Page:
Oregon Coast Citizen Science Day and Talk on Tsunami Debris
Published 06/17/2016 at 7:11 PM PDT
By Oregon Coast Beach Connection staff
(Depoe Bay, Oregon) - The weekend of June 24 and 25 will be a special weekend on the central Oregon coast that's entirely devoted to the Otter Rock Marine Reserve and the citizen science that goes on there through CoastWatch. It includes guided walks, a talk on tsunami debris and various demonstrations at the site, which is close to Depoe Bay and Newport.
All events are free, but the talk on tsunami debris happens in Lincoln City, about 15 miles to the north on June 24. The rest of the events happen at the marine gardens area, next to Devil's Punchbowl on June 25.
The day before, on Friday, June 24, marine debris researcher John Chapman will give a talk on what scientists been learning from the last four years of incoming tsunami debris. It takes place at 6:30 p.m. at the Oregon Coast Community College’s Lincoln City branch (3788 High School Dr.), in Room 208. Doors open at 6 p.m. The event, sponsored by the CoastWatch program, is free and open to all; a $5 donation is suggested.
Chapman will talk about the research done on tsunami debris since 2012, which has revealed many things about how invasive species can be transported across the ocean. This subject is still highly relevant considering the surges of debris coming in over the last year.
Chapman is a researcher at the Hatfield Marine Science Center and courtesy assistant professor of fisheries with Oregon State University. His research focuses on aquatic biological invasions, invertebrate zoology and crustacean taxonomy.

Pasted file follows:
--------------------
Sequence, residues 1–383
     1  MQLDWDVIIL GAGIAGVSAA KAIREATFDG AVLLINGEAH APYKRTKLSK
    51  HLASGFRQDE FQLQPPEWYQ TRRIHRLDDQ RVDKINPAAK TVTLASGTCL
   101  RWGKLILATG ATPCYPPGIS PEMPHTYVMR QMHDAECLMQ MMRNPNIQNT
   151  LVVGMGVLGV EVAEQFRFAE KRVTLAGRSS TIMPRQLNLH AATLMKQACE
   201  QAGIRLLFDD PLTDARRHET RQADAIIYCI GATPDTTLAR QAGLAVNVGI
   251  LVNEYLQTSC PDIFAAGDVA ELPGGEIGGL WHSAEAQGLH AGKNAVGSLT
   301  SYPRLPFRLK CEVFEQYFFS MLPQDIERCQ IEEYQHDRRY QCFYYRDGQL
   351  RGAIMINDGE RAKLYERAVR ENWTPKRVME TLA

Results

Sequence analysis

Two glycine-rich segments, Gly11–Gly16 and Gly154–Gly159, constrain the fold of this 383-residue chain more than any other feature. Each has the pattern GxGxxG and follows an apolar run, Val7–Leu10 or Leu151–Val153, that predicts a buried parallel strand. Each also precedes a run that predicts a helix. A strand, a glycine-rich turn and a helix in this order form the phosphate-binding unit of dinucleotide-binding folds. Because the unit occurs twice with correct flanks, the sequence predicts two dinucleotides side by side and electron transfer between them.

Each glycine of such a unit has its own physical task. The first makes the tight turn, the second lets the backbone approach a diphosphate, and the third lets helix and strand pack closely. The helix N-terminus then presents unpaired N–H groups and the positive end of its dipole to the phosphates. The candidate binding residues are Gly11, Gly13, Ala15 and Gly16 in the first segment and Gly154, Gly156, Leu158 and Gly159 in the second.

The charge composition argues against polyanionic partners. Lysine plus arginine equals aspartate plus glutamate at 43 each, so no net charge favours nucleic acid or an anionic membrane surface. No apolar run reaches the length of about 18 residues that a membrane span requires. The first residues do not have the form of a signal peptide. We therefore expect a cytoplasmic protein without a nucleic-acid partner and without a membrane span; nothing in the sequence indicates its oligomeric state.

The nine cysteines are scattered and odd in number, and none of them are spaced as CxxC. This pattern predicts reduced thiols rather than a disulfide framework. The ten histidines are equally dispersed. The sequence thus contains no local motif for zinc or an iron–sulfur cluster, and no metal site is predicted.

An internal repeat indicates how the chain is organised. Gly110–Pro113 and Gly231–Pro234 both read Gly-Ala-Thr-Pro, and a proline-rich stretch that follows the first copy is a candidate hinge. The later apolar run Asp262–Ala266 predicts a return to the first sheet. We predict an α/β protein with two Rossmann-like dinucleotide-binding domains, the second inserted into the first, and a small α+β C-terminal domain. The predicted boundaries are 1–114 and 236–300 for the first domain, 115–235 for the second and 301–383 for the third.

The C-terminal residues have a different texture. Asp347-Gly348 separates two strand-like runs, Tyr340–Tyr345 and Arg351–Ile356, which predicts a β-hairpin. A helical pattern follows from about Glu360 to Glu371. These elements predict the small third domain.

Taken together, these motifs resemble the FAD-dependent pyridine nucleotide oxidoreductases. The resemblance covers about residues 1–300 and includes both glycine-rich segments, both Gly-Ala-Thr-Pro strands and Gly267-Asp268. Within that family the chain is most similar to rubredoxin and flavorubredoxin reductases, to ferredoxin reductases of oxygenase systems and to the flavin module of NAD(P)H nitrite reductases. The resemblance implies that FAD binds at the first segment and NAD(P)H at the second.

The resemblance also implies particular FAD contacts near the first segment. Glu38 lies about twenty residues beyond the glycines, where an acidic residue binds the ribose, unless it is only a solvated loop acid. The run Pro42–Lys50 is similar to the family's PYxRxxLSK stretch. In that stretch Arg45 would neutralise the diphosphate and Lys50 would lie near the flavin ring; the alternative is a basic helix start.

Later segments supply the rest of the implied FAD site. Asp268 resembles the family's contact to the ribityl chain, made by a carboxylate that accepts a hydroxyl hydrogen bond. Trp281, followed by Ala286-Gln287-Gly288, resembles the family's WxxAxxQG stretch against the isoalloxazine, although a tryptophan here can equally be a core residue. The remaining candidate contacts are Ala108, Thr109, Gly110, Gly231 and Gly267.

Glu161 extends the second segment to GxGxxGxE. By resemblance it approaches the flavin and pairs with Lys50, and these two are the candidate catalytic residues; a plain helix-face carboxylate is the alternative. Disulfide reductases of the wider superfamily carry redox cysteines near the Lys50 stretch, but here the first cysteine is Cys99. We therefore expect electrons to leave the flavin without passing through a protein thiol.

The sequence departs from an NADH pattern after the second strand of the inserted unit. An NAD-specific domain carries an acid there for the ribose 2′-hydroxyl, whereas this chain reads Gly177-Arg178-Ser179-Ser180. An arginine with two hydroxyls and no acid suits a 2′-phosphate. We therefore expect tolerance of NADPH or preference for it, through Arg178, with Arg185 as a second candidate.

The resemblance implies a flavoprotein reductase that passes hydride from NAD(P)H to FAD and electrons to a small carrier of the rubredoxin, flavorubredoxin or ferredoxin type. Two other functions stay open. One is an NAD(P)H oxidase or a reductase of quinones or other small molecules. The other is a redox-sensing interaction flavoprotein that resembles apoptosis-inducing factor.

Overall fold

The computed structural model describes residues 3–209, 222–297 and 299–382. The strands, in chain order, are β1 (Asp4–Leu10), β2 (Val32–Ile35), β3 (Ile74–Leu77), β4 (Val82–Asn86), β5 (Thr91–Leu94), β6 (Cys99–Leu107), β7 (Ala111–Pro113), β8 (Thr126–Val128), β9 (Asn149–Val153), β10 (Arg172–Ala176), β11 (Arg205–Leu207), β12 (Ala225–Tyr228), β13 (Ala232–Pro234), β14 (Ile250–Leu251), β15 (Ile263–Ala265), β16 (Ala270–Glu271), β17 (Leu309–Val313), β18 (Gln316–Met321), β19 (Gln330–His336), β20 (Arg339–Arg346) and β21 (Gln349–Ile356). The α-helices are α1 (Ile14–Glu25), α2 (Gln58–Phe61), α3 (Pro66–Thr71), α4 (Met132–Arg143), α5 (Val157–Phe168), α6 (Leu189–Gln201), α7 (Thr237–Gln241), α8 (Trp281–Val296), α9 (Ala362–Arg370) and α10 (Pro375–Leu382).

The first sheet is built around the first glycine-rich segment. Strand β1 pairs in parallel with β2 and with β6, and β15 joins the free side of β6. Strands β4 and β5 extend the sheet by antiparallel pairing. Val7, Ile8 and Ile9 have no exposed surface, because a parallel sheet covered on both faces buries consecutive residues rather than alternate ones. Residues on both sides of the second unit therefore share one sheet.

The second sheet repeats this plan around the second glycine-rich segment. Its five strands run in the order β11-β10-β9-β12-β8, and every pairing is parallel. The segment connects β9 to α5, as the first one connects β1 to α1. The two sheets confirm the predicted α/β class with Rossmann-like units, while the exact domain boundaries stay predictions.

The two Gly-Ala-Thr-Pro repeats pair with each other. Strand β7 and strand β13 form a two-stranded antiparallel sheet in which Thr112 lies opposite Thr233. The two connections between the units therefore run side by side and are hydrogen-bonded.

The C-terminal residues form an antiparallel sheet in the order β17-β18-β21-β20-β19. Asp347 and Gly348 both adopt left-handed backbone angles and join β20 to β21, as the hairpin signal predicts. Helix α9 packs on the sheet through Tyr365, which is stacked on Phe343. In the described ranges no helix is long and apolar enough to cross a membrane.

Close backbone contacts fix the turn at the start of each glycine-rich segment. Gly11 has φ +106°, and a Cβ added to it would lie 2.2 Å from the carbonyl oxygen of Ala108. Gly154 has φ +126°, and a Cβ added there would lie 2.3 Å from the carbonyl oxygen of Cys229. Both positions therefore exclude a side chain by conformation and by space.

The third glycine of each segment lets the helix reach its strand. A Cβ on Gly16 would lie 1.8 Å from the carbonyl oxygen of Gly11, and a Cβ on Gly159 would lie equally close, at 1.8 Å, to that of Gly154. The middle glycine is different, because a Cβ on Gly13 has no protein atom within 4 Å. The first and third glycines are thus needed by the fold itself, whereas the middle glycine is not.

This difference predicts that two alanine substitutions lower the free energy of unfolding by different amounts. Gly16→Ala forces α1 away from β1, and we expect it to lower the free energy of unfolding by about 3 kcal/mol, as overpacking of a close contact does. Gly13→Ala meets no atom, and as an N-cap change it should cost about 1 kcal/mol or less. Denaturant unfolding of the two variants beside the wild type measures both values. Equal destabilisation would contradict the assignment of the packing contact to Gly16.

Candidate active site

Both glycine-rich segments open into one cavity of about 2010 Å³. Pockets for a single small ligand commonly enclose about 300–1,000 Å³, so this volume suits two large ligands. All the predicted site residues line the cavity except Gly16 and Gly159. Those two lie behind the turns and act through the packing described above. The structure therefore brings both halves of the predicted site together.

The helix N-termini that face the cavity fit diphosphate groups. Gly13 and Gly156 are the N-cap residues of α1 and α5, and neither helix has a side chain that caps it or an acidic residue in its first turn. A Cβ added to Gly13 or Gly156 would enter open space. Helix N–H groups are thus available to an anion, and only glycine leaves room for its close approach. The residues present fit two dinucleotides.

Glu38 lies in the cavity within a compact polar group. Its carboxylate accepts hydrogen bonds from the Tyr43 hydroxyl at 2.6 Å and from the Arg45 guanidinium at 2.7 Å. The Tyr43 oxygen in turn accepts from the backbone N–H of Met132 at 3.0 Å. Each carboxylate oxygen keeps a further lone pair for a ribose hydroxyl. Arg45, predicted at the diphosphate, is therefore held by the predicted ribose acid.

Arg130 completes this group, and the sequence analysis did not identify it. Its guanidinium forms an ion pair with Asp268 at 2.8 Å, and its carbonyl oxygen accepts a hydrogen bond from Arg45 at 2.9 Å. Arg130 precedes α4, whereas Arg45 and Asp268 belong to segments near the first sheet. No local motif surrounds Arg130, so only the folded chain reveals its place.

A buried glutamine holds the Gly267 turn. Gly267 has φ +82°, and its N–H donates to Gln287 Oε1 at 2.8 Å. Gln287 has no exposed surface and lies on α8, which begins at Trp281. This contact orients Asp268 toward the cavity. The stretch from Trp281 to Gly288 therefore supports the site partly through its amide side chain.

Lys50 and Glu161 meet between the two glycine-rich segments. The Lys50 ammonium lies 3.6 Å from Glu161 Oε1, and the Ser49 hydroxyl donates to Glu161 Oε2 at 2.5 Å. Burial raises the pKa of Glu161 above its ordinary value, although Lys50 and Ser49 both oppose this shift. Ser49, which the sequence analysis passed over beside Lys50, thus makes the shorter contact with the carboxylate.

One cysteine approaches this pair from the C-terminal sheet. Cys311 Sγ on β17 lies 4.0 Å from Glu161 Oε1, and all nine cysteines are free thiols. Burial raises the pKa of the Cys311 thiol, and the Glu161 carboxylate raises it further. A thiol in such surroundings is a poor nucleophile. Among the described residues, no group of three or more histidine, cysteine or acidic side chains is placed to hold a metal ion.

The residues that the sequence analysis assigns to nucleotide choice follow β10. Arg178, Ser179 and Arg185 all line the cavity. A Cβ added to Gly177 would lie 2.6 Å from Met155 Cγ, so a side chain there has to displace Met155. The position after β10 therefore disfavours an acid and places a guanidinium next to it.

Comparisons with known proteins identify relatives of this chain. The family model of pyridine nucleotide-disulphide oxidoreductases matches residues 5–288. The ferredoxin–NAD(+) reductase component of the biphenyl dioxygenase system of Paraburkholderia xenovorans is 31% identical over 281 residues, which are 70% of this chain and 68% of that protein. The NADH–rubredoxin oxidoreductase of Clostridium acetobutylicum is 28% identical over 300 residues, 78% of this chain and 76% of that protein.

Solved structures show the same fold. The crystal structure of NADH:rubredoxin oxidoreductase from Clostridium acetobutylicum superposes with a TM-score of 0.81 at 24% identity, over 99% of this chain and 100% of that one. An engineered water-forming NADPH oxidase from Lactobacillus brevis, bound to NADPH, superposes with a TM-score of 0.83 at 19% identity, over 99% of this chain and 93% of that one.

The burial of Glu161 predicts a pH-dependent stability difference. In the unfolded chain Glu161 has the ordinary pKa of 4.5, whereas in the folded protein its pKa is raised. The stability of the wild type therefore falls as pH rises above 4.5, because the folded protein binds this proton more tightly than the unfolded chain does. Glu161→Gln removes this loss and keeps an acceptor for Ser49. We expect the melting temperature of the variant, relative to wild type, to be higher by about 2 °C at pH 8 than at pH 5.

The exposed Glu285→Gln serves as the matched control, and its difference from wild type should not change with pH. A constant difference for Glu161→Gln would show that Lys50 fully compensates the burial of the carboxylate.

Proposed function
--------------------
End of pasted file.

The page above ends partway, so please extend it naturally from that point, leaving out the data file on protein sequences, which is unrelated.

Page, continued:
For more information about this event, or about CoastWatch’s citizen science projects, contact Fawn Custer at (541) 270-0027, firstname.lastname@example.org
On Saturday's Citizen Science Day, it all begins at 9 a.m., when Fawn Custer, CoastWatch’s volunteer coordinator, will lead a walk exploring both tidepools and beach wrack. Also, Athena Crichton from the Hatfield Marine Science Center will be answering questions about the numerous tide pools in the area. Custer, Crichton and CoastWatch's Karen Driscoll will provide demonstrations of CoastWatch science projects that examine marine debris and that look out for the wasting disease that has affected the entire population of sea stars on the Oregon coast.
You'll also find a talk about beached birds and learn techniques for monitoring them.
Following all this, it's time for a break at 1 p.m., where you can chow down on s'mores and hot dogs. The day caps off with another walk, this time examining high tide and the driftline.
Community Science Day is an opportunity to dig more deeply into Oregon coast natural history and its citizen science, as well as engage with other fans of the beaches. CoastWatch director Phillip Johnson said the hope is that more people will become interested in the ideas of citizen science and start to participate.
“We’re also looking for enthusiastic citizen scientists who might be interested in serving as leaders for the new CoastWatch Community Science Team, which will serve to coordinate our seven citizen science projects in the Otter Rock Marine Reserve area and assist Fawn Custer in providing public education about shoreline science and engaging the local community with the marine reserve,” Johnson said.
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